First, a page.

Sharonne Hayes, M.D., medical director of the Mayo Clinic Office for Diversity and Inclusion, shares her vision for diversity at Mayo; and offers insights about Mayo's efforts regarding the mentorship, development and preparation of diverse individuals for successful careers.
What is your vision for diversity at Mayo Clinic?
Encouraging and including contributions from diverse individuals is critical to Mayo's future. We will be better positioned to reach our full potential and to better serve our patients when we actively bring together individuals with diverse thoughts, ideas and backgrounds; and put them to work to help create better solutions.
If successful, Mayo will gain the strategic advantages of accelerated innovation, better problem solving, enhanced productivity and job satisfaction, improved quality and most importantly, will better meet the needs of our patients.
What are some of the challenges to being a diverse organization?
Mayo has not always been successful in recruiting and retaining a diverse work force. Once recruited to Mayo, women and underrepresented minorities have not progressed academically or into leadership positions at the same rate as others. In addition, our patient population does not reflect the changing demographics of the U.S. population. There are numerous factors that contribute to these issues and the solutions will be multifaceted.
Despite challenges, there are many bright spots and success stories we can build upon. Our Education shield has made diversity a priority, and their efforts have shown growth in recruitment and retention of minority students, and created an open and welcoming environment for students, faculty and staff.
Diversity leadership will need to not only engage and coordinate efforts among individuals and groups currently dedicated to enhancing diversity, but also to expand and fully develop an infrastructure of diversity activities across campuses and disciplines.
What does success look like?
Mayo has come a long way from the days when gender roles were traditional and racial and ethnic diversity didn't exist. But we continue to struggle with achieving a truly inclusive work force that reflects our patient population and our world. Our staff surveys indicate that many people don't feel comfortable "freely speaking one's mind." An important outcome of our diversity efforts will be successful mentorship, development and preparation of diverse individuals for leadership roles, and providing the best care to an increasingly diverse patient population.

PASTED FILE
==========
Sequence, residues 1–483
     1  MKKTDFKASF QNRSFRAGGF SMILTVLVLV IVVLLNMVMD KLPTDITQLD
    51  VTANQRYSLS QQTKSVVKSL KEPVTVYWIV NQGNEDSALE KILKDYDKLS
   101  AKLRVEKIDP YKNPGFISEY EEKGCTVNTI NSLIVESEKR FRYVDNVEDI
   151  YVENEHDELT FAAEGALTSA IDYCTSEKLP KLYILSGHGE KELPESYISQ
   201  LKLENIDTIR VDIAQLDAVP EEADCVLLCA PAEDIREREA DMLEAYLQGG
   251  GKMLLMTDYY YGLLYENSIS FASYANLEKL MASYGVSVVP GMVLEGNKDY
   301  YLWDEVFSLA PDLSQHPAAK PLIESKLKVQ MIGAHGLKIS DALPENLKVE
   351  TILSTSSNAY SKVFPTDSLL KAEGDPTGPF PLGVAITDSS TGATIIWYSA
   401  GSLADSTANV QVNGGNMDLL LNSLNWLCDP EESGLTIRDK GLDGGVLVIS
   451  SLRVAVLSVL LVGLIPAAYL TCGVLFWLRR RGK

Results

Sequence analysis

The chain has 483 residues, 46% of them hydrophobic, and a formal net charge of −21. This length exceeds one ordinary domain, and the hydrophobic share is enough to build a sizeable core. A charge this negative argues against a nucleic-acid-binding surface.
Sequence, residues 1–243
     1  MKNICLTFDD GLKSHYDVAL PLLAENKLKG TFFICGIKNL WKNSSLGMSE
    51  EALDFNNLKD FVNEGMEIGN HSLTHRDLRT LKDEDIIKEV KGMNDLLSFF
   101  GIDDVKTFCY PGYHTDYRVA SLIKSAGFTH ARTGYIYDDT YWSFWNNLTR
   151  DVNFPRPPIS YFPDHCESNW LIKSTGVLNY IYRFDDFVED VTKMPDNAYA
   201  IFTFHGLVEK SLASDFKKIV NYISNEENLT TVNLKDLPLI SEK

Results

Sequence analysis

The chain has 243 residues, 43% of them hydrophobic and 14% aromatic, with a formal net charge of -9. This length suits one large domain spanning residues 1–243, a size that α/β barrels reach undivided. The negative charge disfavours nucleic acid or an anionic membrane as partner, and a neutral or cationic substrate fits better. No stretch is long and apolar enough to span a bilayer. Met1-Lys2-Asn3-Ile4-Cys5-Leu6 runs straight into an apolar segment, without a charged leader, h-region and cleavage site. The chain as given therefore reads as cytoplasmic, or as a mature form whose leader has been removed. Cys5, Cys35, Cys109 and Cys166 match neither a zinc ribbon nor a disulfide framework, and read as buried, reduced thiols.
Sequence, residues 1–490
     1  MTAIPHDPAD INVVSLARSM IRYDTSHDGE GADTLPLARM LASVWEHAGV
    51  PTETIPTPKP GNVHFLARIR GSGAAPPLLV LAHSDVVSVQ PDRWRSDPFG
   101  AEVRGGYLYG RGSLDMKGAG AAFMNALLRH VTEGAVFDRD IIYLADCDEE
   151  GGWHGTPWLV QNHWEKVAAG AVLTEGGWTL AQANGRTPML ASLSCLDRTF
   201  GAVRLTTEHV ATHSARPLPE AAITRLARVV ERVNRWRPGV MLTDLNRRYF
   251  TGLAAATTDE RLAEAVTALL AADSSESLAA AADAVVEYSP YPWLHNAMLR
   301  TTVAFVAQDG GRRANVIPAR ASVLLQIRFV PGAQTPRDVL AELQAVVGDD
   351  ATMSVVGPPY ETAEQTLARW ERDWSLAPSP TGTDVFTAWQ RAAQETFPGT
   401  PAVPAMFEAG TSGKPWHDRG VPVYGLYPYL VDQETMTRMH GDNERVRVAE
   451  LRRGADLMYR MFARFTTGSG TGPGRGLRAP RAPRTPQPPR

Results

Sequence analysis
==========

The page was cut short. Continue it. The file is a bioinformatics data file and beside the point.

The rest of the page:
What do you bring to the diversity table?
I have held several positions at Mayo charged with addressing issues related to recruitment, retention and professional development of women and underrepresented minorities, and have also been involved in these issues on a national level for several organizations. My personal experience has provided a perspective that I feel is useful to diversity leadership. In my first year of cardiology training, I was considered a novelty as the only woman in the entire training program, and cardiology remains a predominantly male specialty. For me, it has been important to experience the positive and powerful impact of women role models succeed in academic medicine and leadership here at Mayo. It sends a powerful message that one's success is not only possible, but that the organization in which that role model succeeded must have facilitated, or at least allowed, that success.
How do you see employees being more engaged in the diversity/inclusion efforts at Mayo?
It is not enough for individuals at Mayo to simply "support" diversity efforts, and it's not enough just to bring in diverse people. Where diversity will make a real difference in the care of our patients and to the future of Mayo is when those people are included — in discussions, leadership, planning, and work and personal relationships.
Often, we get into a routine and don't think about including others or asking someone new about their point of view. Ask your colleagues about their ideas on being more inclusive, both with co-workers and patients and visitors. There are likely many great ideas that can be put into action right away.
Jan. 27, 2018